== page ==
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Streamlining the Design Workflow

April 06, 2008
by Matt Braun

One of the key goals of any professional designer is to create a streamlined workflow, typically by using keyboard shortcuts in their design apps, clearly defining the creation process from concept to final product, and having libraries of reusable (yet customizable) layout elements and code. With deadlines approaching and change orders coming in, it’s vital to have a solid system in place for producing.

Be careful how that’s read – designers have a need, by their very nature, to be creative, but the misnomer is that creative-types shun rigid processes because “working loose” helps them to be more creative. Having a measure of structure in certain aspects of a design workflow can allow for the fluidity required to produce creative work.
It all boils down to balance.

These tips for streamlining workflow are geared more towards interactive designers, but could be adapted to commercial art, 3D animation, game design, ActionScript coding, and many other job titles in the creative field.

Make sure your workspace is conducive to doing work.

A large black L-shaped desk, matching filing cabinet and shelves from (gasp) Big Lots, along with a comfortable chair, cost me far less than any of my computers or software packages (Get More. For More. Creative Suite.), but has paid for itself many times over by allowing me to spread out when I need to. Sometimes I’ll have a few reference books nearby, and because of the large working area, I can keep them close enough to be handy, but out of the way enough to not be distracting.

Eliminate as many distractions as possible.

As I write this, I’m currently listening to iTunes and have a couple instant messaging clients open, so I may need to take some of my own advice. Designers (and programmers, too, lest they feel excluded) often do their best work late, late at night, because that’s when the world is least distracting. However, most of us have to do our work during the day, because that’s when the rest of the world expects it. Setting aside a few hours each day to turn off iChat, Google Talk, and Twitter clients, and close down Mail or Outlook can help to kick start productivity. Let your co-workers or family know that for a certain window you’ll be incommunicado. During that timeframe, work! Get things done. No, don’t fire up EVE Online or FreeCell. Work. A few hours of hyper-concentrated work can beat a full day of quasi-work every time.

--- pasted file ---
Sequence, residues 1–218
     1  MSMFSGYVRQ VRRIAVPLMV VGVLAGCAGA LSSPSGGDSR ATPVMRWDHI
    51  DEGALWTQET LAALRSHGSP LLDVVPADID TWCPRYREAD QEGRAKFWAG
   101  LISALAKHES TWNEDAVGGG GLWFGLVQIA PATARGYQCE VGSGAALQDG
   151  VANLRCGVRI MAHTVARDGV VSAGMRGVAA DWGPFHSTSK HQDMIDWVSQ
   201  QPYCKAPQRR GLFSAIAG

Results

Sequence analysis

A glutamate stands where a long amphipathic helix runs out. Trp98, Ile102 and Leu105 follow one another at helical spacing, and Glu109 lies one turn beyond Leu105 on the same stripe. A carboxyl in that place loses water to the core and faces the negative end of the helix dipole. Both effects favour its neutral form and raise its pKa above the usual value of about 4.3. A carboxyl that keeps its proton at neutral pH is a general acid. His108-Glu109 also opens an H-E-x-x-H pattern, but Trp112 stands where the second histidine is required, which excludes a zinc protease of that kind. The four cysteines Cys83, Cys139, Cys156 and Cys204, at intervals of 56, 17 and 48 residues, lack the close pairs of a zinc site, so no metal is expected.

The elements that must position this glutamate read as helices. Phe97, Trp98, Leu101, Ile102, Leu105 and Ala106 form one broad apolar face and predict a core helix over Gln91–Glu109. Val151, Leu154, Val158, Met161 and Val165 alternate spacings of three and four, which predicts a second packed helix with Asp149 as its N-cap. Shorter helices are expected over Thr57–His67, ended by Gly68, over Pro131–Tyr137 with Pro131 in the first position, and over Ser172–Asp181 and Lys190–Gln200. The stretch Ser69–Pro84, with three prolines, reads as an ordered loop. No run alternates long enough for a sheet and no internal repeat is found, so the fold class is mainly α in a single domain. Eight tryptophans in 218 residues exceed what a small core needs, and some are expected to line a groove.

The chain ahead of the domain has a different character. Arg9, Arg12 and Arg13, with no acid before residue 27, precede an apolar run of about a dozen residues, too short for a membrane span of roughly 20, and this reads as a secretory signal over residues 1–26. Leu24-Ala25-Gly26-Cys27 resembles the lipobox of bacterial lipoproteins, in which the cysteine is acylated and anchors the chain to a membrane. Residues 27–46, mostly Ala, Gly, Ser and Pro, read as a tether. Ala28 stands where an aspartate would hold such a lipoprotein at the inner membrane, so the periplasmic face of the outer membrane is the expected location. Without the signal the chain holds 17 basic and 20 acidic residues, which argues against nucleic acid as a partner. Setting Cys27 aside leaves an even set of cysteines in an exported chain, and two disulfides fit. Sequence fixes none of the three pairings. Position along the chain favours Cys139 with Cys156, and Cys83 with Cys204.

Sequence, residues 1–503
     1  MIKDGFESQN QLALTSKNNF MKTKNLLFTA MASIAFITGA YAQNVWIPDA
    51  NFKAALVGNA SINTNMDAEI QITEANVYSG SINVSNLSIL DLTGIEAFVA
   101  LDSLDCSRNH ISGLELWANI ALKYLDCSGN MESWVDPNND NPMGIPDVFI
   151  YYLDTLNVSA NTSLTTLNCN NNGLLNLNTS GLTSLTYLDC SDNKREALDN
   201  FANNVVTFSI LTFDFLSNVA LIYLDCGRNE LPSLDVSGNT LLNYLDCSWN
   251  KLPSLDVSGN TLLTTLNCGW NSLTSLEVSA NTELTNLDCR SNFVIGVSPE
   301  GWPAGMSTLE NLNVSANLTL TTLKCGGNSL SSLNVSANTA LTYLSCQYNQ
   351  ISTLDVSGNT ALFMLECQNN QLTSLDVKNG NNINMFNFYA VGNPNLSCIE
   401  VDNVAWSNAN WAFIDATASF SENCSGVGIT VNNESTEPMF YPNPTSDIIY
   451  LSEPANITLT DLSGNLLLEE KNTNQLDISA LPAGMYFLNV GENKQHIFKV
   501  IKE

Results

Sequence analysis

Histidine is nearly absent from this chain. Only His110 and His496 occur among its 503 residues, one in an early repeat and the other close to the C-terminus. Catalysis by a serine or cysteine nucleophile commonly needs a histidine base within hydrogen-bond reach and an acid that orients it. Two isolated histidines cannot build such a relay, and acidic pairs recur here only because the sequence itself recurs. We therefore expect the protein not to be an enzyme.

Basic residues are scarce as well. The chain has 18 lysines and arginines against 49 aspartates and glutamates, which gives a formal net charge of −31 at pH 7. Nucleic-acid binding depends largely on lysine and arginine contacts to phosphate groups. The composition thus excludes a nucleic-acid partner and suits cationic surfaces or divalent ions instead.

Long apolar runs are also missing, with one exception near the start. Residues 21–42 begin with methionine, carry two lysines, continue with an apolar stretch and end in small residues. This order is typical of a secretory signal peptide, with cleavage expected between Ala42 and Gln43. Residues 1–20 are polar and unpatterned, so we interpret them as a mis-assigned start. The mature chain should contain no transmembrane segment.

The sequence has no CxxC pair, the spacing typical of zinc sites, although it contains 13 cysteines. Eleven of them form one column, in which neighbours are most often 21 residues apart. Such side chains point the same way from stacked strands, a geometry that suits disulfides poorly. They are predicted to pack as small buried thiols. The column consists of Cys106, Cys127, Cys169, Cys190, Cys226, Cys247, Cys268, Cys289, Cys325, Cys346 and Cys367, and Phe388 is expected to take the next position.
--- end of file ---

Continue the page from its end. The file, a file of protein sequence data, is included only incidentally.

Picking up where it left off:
Develop reusable assets.

When I first started my career in interactive design, I loathed the idea of templates and stock art. I figured, hey, I can produce those things, so I should do so – every…single…time. The truth is, sometimes there isn’t budget or hours available to create assets from scratch, and the best use of the client’s money and your time is finding ways to incorporate existing solutions that help you to focus on getting the client’s brand’s message across cost-effectively. We may not all readily agree or admit it, but communicating that which the customer wants to say to their audience is the primary goal of a (commercial) designer. I’ve developed a vast library of reusable ActionScript classes and components, layout assets for Fireworks, JavaScript plugins for jQuery, and modules for ExpressionEngine to help in streamlining my production process. Since most clients want things done yesterday, being able to turn things around fast is critical to my customer relationships.

Hand-in-hand with reusable assets is using the right software for a given task. Before being introduced to the proper way to use Fireworks (then MX) I did all my website layouts using Illustrator, with further refinements in Photoshop. But Fireworks combines vector and raster methodologies, meaning that unless I have serious image editing to do in Photoshop, I really only need to have one program open for wireframe roughing, planning content flow, creating image slices, and all but the most involved photo retouching. Complex gradients, patterns, and shape editing are a breeze in Fireworks, and I believe that no matter how fast a web designer is at the Illustrator-Photoshop-Shuffle, using a single program designed to efficiently do both is an order of magnitude faster.

My hope is that some of these tips prompted you to come up with your own ways to improve and streamline your workflow. Remember: The sooner you get your work done, the sooner you can go outside and play.

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